In this paper, Vera Troeger, Professor of Quantitative Political Economy at the University of Warwick and Research Theme Leader at the Centre for Competitive Advantage in the Global Economy (CAGE) looks at the effect of maternity benefits on the career opportunities of women in academia.
“May” children, holiday babies and post-tenure pregnancies: these are some of the labels attached to women’s choices of having children in an academic environment. Academic women seem to share a common burden in scheduling their maternity plans: to survive in academia and advance through the faculty ranks, women tend either to give birth during vacation time, or to postpone their motherhood status to the end of their probation period and the achievement of tenure.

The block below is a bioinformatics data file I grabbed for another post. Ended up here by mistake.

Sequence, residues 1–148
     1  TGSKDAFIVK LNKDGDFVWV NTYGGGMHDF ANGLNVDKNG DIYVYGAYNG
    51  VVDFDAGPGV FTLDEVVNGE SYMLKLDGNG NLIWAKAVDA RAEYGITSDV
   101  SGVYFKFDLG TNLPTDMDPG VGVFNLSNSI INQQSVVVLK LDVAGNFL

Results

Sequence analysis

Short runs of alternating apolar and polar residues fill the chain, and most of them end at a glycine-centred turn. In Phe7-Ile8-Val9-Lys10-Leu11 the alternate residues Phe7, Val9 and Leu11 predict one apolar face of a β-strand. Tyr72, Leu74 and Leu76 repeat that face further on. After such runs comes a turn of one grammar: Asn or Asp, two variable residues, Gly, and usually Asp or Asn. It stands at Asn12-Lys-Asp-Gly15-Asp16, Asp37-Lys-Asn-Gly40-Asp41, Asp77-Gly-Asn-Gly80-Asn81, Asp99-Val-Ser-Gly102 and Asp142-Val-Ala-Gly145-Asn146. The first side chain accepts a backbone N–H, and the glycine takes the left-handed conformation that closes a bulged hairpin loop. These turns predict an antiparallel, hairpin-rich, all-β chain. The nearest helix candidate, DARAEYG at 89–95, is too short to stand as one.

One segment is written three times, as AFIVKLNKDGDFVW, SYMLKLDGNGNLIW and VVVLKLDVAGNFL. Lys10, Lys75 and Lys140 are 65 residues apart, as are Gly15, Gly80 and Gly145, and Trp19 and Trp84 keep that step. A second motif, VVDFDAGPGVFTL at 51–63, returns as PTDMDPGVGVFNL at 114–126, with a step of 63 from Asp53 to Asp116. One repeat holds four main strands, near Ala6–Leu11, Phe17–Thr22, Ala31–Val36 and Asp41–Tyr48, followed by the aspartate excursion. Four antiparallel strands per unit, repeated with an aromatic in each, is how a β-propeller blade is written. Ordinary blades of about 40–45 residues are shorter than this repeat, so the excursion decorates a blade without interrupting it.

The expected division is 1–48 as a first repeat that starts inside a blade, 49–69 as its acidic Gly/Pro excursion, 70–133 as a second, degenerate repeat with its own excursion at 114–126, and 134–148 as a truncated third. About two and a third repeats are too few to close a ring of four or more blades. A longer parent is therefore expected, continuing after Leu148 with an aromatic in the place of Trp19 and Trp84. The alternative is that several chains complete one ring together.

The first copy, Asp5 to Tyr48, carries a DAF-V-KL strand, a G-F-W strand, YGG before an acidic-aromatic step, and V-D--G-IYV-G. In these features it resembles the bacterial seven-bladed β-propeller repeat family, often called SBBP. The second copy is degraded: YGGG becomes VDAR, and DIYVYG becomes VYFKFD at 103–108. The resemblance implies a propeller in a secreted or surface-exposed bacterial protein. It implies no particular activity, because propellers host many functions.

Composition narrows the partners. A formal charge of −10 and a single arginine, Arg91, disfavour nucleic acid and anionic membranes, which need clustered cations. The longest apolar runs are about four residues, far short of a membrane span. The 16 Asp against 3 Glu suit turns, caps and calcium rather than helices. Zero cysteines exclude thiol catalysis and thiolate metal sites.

The end result is, generally, an underrepresentation of women in higher academic positions (also known as the “leaking pipe problem”), lower salaries, lower research outcomes and rates of promotion, lower fertility, and higher rates of family dissolution – while family and children seem to have either no impact or even a positive effect on the patterns of men’s performance in the academic ranks. Thus, motherhood and professional achievements appear as conflicting goals even for women in academia, an environment that is usually praised for its flexibility in terms of working hours and thus family friendliness.